Back in July, Google made BIG waves in the tech industry by announcing the development of a Google operating system based on Linux. For years there’s been speculation about if/when Google would do this, and when the announcement hit, there was no shortage of people throwing in their two cents on how this new contender would be either the greatest thing in years, or a complete waste of time. Now that Google has finally opened the code for public view, we decided to take a look at what Chrome OS is really all about.
A note about terminology – The official Google products for the browser and OS are Chrome and Chrome OS, respectively. The open source versions are Chromium and Chromium OS. As they’re essentially the same thing, this article will use the terms Chrome and Chrome OS.
What is it?
As mentioned above, Google took the Linux kernel to use as the foundation for their new operating system. This makes perfect design sense, as it gives them a stable, mainstream, open and well-supported foundation on which to build. It’s good news for the rest of us as well, as it means we’ll have great hardware support and easy access to the guts of the system.
One of the most unusual aspects of Chrome OS is that it essentially does away with the concept of desktop applications. This means there’s no manual installation or removal of packages, no manual upgrades, and improved security. Even logins are done remotely, and use your GMail account name to authenticate. A nice side effect of this is that the single sign-on is used to automatically log you in to all Google services.
When you login to Chrome OS, you do not get a “desktop” or anything of the sort, you’re immediately dropped into the web browser (Google Chrome, of course).
Obviously, when your whole UI is a web browser, you’re missing some things normally handled by the UI, like taskbars, clocks, and applets. The browser screen has been somewhat modified to include some desktop-panel type options. In the current version of Chrome OS, some of the normal desktop UI elements have been included in the Chrome browser. Here for example, you can see the buttons for power management and network setup.
Chrome OS is split into a few parts on the disk. There’s essentially two major parts, the system files and the user files. The system files on Chrome OS are actually stored in a read-only partition, and there’s pretty much nothing the user can do to change them. This may sound weird at first, but it was designed this way for a reason. By keeping all system files separate and read-only, Google has increased security by allowing only approved software to exist on the local client. In fact, every time the OS boots, it checks the integrity of the OS and will re-image any files that may have been altered.
This of course begs the question “Well then how do I save files?”. User files are kept apart from the system files, and aren’t actually stored on the computer running Chrome OS. When you save a file, it is actually saved in “the cloud”, aka an internet server. Any files “saved” will be synced to your Google account and stored online.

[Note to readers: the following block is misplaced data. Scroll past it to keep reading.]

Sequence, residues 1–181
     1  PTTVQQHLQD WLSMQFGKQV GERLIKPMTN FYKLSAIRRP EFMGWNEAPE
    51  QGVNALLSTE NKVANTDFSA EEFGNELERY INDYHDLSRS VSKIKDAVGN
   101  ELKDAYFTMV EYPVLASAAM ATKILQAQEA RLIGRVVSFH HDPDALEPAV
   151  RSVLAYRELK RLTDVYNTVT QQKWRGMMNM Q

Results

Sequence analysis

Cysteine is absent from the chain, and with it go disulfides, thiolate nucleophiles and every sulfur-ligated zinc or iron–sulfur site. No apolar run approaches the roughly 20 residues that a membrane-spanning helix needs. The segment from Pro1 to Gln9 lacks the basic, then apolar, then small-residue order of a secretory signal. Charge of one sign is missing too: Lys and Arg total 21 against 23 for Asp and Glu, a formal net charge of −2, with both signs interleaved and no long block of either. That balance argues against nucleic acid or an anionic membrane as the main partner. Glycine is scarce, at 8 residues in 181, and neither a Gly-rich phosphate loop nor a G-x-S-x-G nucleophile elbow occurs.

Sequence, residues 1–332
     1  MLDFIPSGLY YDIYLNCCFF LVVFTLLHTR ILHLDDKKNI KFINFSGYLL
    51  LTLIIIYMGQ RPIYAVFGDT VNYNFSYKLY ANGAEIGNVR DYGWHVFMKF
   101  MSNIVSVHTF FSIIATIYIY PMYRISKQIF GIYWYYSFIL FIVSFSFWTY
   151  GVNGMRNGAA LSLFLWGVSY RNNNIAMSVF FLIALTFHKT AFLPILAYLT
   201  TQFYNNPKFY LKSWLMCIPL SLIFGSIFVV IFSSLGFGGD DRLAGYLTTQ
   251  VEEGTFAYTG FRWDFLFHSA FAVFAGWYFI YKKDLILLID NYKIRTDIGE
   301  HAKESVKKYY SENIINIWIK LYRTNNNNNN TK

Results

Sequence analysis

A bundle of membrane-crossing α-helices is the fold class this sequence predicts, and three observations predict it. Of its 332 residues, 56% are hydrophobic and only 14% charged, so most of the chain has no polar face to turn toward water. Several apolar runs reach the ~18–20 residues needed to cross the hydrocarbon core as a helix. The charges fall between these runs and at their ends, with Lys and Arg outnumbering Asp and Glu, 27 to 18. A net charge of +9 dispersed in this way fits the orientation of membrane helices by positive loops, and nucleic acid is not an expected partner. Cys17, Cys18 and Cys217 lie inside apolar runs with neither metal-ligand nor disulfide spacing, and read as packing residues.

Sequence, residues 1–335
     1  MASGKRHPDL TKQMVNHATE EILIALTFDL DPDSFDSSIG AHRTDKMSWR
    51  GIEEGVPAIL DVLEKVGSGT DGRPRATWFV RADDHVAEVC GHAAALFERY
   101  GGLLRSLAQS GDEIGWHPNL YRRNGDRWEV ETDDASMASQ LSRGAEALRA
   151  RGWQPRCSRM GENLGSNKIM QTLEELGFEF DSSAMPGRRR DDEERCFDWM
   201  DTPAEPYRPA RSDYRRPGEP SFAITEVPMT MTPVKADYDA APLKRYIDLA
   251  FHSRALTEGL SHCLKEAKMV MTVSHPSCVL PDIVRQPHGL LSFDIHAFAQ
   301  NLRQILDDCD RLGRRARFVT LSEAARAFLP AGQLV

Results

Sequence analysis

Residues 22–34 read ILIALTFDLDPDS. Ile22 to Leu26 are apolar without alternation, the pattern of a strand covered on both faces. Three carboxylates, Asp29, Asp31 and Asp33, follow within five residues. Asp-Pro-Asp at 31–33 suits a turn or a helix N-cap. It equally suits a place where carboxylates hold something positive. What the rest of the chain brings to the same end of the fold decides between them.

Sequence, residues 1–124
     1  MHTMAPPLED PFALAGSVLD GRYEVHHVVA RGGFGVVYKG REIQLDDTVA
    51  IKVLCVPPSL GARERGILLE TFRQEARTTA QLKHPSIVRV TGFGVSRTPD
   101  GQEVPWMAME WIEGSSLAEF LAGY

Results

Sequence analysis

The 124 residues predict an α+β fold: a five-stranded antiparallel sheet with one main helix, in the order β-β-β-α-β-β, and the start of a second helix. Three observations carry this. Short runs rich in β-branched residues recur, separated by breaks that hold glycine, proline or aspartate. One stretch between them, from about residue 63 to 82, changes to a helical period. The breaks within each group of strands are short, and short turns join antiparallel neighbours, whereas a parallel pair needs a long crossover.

While there are some drawbacks to that approach, there are a number of advantages as well. For one, you no longer have to worry about backing up that data. From what I know of Google’s data storage practices, your file will exist in no fewer than three separate locations at datacenters across the globe. If one, or even two of them somehow suffer a catastrophic failure, your data will still live on at the third. The other advantage is automatic portability. If I save files on my Chrome OS netbook, then forget it at home while on vacation, I can load up any other Chrome OS system and everything will be exactly the same as if I was on my own machine at home.
For details about how and why Chrome OS does things this way, you can watch the video here.
It’s hard to gauge what I think of Chrome OS for two main reasons. First, it is still fairly early in development and therefore can’t be considered an accurate picture of what the final product will be like. Second, the design choices made in Chrome OS require an entirely different perspective on exactly what an operating system should do. Having spent my life learning the details of the “traditional” way, it may be some time before I can fully wrap my head around all the pros and cons of the design.
That said, there are certainly some things to like and dislike about the current state of Chrome OS. Having removed all but the essential parts of a Linux OS, the boot speed is nothing short of phenomenal. Once logged in, the system is up and running in very few seconds. For someone who just wants to get up and online quickly, like a netbook user, this could be great. On the other hand, if you’re a power user who likes to get into the guts of the system and make things work your way, Chrome OS will likely leave you unsatisfied. There are no desktop applications, so any computer needs that can’t be met by a web app simply cannot be met. For me, that’s a pretty big drawback and I don’t think I’ll ever be using Chrome as my main desktop OS, but for thin clients, netbooks, and portable devices, Chrome OS could be exactly what we need.
UPDATE: A Google engineer has requested that I clarify this point. Chrome OS is unsuitable as a desktop OS because it is not intended to be a desktop OS. Chrome OS is for netbooks and other portable internet devices, and it is not meant to replace the likes of Linux and Windows on your desktop computer.